Another critique I had of this hearing was the use of character witnesses. I am not sure if your institution still does these or not; however, I feel in sexual assault cases as serious as these, character witnesses should not be allowed. A great, wonderful person can do horrible things and a horrible person can do great and amazing things. Who is to judge anyway? These are all subjective and I believe these witnesses add no value whatsoever to these cases. Additionally, I feel that it is best for those participating in the hearing to be facing the hearing committee instead of each other. Part of the reason I chose a disciplinary hearing officer (besides the fact that I did not want to be completely retriggered, which happened anyway due to the committee’s questions) was because I did not want to look my rapist in the face after everything that he did. However, when it was my turn to speak he was placed on a video camera via Skype on a computer, which was right in front of me. Having his face that close to me was too much for me to handle and was completely insensitive of the nature of this case.
I chose the disciplinary hearing officer route, as I had a court-ordered harassment prevention issue against my rapist. I am beyond thrilled to hear that future students will be able to hear everything that is being said during the hearing, as I felt that only being able to hear my side and not being able to hear any of his side put me at an extreme disadvantage.
As a Five-College student, I felt extremely disadvantaged, as I felt that I was stepping on Amherst College “territory.” How dare I accuse an Amherst College student? However, I already felt unsafe at Amherst College because of what happened, so if anything, I was trying to do a favor for both Amherst College and the Five-College community. A student had taken advantage of me in a way that I would never wish upon anyone. Throughout the whole hearing process, I was constantly attacked. In addition to working with the Amherst College community, I more than urge you to work with the Five-College community on this issue as well. If the Five Colleges are truly a “consortium” students from all of these colleges should be informed as to what the process is and feel good about the process. My experience was not good and discouraged outsiders who heard my story from choosing this course of action because of the second victimization that your institution issued upon me.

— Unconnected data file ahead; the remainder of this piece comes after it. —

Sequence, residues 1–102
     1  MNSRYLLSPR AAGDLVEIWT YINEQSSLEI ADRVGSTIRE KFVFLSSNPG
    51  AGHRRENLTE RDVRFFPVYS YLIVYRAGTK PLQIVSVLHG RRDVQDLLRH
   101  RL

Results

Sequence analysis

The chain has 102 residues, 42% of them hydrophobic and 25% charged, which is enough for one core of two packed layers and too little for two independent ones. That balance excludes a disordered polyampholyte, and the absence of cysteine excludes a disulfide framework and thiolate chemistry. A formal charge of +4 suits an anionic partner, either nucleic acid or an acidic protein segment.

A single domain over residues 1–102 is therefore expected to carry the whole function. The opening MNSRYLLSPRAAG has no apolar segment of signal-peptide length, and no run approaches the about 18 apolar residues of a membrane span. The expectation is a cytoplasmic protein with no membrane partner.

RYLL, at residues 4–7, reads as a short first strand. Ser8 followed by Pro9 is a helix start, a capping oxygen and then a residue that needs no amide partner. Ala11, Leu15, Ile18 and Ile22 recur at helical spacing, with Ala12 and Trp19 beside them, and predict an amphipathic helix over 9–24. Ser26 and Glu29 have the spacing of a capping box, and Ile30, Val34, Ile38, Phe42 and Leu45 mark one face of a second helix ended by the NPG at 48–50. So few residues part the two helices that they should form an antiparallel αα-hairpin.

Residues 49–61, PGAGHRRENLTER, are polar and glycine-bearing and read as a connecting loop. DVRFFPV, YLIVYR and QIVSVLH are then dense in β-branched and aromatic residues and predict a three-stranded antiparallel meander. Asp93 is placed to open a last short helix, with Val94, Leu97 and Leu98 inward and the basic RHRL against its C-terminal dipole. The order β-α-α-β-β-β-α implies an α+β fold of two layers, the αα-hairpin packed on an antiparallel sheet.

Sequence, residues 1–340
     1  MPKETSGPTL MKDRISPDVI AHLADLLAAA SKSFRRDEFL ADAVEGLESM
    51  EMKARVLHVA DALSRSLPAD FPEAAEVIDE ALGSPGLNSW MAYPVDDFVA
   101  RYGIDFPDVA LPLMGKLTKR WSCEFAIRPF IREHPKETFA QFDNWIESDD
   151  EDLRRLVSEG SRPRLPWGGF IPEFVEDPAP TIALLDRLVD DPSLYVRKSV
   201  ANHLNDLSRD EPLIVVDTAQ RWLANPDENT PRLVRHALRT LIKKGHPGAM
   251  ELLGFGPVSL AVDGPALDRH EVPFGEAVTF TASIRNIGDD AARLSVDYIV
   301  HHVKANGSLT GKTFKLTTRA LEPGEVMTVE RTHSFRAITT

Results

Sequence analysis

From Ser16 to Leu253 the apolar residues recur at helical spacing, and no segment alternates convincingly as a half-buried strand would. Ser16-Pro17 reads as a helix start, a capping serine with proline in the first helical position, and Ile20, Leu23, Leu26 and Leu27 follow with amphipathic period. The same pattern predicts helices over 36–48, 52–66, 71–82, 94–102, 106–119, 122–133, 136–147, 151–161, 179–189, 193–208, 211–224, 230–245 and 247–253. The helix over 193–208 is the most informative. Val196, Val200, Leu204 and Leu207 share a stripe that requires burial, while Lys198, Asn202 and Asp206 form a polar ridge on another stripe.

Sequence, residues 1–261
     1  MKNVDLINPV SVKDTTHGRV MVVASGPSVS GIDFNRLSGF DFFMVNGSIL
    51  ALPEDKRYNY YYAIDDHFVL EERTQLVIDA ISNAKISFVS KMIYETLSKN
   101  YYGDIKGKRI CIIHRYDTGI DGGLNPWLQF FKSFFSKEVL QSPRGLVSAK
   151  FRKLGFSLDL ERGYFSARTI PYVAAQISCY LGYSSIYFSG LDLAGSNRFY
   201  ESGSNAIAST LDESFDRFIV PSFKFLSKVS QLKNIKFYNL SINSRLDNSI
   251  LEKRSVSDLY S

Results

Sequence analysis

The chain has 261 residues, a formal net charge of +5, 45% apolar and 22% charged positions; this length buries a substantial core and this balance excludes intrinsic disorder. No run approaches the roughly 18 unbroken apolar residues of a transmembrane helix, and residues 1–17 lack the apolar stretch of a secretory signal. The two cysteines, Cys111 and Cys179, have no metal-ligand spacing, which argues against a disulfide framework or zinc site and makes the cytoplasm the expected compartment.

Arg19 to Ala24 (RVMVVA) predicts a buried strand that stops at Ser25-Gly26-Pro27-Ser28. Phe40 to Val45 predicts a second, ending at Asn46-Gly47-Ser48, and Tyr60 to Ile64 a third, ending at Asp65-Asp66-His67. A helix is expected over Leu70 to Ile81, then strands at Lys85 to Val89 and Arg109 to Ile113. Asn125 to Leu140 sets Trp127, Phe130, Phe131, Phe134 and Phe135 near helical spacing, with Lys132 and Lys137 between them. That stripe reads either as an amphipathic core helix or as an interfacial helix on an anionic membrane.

On Sept. 26, 2011, I decided to transfer from Mount Holyoke College. Not because I no longer loved my school, but solely because of the way your institution handled an incident that I am lucky to be alive from. It takes a lot for a victim/survivor to not only come forward, but to actually go through with a hearing. I hope in the future, students will not be discouraged by this hearing process and will not have to feel so unsafe, unsupported and revictimized by an institution.
I thank you for your time, and I look forward to being in touch regarding this matter.